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Structural Evolution of the Northern Assam Basin: A Case for a Dynamic Hydrocarbon System Model

W. Norman Kent
Kent GeoScience Associates, Richmond, TX

The upper Assam basin is an intermountain basin surrounded on three sides by fold and thrust belts. The area is known as one of the most seismic active areas of the world. It has experienced two of the largest earthquakes in recorded history. Upper Assam basin is also the home to two of the world's largest oil and gas fields. These two superlative characteristics of the basin suggest the temporal nature of oil and gas accumulations and underline the significance of viewing petroleum systems as dynamic processes as opposed to static entities.

An integrated regional study was conducted part of a petroleum exploration program of the Jaipur anticline area. In this study, structural modeling and sequence stratigraphy techniques were used to define the stratigraphic and structural evolution of the basin and to relate that geologic history to timing of maturation and migration of hydrocarbons.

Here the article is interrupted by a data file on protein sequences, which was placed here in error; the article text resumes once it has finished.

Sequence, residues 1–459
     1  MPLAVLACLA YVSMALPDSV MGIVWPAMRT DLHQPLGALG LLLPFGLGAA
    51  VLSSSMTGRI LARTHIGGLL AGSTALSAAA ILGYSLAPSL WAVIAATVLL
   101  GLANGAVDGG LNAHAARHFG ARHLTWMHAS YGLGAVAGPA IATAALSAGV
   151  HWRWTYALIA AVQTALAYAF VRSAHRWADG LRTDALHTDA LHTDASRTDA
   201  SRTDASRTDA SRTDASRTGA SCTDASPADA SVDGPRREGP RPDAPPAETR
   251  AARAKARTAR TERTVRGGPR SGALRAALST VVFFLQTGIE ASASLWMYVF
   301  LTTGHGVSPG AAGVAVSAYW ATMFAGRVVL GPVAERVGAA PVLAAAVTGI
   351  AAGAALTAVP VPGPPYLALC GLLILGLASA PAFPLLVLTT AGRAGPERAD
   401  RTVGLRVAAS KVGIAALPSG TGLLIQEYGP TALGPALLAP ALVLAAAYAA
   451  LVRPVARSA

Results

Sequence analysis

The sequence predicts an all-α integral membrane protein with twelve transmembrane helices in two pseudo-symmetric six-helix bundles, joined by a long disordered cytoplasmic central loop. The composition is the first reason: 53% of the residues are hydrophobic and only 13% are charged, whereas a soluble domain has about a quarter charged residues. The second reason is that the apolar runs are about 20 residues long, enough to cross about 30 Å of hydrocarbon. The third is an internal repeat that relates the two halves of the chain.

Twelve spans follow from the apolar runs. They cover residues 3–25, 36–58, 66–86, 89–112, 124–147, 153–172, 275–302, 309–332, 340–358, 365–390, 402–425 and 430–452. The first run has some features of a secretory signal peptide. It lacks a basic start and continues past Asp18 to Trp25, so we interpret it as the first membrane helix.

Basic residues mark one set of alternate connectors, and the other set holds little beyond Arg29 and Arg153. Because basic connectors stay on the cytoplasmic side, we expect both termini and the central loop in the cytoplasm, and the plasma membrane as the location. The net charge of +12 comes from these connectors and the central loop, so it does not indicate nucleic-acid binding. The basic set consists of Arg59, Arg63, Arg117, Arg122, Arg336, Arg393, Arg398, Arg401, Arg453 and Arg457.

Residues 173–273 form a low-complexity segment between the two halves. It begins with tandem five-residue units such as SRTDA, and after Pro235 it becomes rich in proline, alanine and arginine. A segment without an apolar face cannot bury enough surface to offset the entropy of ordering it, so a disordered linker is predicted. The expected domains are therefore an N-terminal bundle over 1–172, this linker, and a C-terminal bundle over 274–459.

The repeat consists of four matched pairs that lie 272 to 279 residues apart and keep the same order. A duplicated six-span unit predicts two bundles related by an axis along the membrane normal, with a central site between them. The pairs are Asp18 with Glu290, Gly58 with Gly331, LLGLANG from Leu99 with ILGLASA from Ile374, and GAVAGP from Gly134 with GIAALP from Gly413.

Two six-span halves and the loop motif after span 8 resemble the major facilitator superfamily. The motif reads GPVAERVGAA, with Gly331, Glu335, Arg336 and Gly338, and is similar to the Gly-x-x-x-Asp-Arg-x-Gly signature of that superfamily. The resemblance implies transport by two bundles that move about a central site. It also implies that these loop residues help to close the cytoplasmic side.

During the study, regional unconformities, recognizable on geologic maps, seismic profiles and well logs, were identified. Mapping truncation of formations at each of the unconformities and construction of isopach maps provided insight into the development of regional structural features. Maturity data for the source rocks in the basin indicate that hydrocarbon generation began as early as mid-Oligocene, with a major pulse occurring in Late Miocene. These data also show that the source rocks are now at peak maturity for oil generation in parts of the basin. This interval of hydrocarbon generation includes nearly the entire time in which the region evolved from an extensional plate margin to an intermountain basin between two orogenic belts. Sustained hydrocarbon generation throughout a complex structural history implies a complex history for migration and accumulation of hydrocarbons in the basin.